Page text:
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While it can be demanding and challenging, a job in mental health nursing can also be very rewarding. We thought we'd take a brief look at what the role entails and how you go about making a career in this vital area of nursing practice.




What is the role of a mental health nurse?


Psychiatric nurses
work with people who have a range of mental health issues, supporting their recovery or enabling them to have more control over their condition. You might work with patients from any section of society, from children to the elderly, as well as their carers and families. You'll collaborate with psychiatrists, clinical psychologists and health visitors. You might also be part of a multi-disciplinary team, including allied health professionals, such as occupational therapists.

Where do mental health nurses work?


Psychiatric nurses work in a variety of settings, including hospitals, community healthcare centres, GP practices, prisons, residential centres and patients' own homes.
What specialisations are available?

You could specialise in areas such as children and young people (CAMHS), older adults, women, offenders, alcohol or substance misuse, forensic psychology or psychotherapeutic interventions such as talking therapies.

How do you become a mental health nurse?


To work as a registered mental health nurse (RMN), you will need a degree in mental health nursing and current registration with the Nursing and Midwifery Council (NMC). If you already have a health-related degree, you may be able to join a mental health nursing degree course in its second year. If you're an experienced healthcare assistant or mental health support worker, you may be able to study part-time while working.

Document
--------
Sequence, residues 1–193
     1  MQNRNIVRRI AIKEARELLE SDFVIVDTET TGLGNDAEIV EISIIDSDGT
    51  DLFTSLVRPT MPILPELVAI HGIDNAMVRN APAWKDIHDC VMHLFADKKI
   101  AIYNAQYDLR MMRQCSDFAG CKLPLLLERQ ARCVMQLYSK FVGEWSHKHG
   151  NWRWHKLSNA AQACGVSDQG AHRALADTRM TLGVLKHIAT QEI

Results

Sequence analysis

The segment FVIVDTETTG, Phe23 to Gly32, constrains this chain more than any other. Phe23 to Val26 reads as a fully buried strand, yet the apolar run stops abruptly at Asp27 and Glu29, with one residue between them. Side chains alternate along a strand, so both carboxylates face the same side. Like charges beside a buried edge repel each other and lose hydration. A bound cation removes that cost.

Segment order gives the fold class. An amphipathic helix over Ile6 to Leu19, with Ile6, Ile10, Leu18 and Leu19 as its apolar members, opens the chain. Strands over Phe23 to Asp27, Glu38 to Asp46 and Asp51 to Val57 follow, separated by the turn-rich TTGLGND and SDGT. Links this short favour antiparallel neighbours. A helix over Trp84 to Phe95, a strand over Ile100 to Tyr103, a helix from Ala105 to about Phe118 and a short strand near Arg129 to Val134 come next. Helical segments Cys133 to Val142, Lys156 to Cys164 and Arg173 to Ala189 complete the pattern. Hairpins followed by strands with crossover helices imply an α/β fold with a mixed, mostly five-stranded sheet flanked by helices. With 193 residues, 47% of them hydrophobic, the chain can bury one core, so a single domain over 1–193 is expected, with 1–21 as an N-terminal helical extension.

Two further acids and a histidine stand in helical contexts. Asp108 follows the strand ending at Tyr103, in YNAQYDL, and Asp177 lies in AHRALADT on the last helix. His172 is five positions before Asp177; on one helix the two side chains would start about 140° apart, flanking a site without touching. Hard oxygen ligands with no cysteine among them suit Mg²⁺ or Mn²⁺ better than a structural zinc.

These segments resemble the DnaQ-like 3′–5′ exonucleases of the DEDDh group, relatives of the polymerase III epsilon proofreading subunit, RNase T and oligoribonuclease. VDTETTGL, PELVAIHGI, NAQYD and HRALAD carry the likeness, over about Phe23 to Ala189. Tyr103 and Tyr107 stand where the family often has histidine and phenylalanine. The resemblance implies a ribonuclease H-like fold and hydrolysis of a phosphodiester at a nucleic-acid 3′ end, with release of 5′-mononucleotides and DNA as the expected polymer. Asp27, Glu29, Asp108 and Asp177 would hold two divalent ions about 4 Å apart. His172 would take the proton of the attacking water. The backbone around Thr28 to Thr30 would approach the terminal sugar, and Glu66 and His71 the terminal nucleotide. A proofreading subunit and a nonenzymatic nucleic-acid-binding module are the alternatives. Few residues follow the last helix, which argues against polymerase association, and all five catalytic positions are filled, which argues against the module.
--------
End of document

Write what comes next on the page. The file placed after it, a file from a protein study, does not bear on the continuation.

Are mental health nursing apprenticeships available?


Nursing degree apprenticeships are due to be launched in September 2017. Find out more here.

What are the key skills need to be a mental health nurse?


The role of an RMN nurse is more focused on interpersonal and communication skills than that of a registered general nurse (RGN). Other key attributes include: excellent observation skills, empathy, self-confidence, calmness under pressure, assertiveness, good judgement and problem-solving ability.

What about career development?


Once you are qualified as a mental health nurse, you need to be committed to keeping your skills and knowledge up to date. To maintain your NMC registration, you'll need to go through the process of revalidation every three years. As you gain more experience, you may be able to apply to become a nurse consultant, taking on additional responsibilities.

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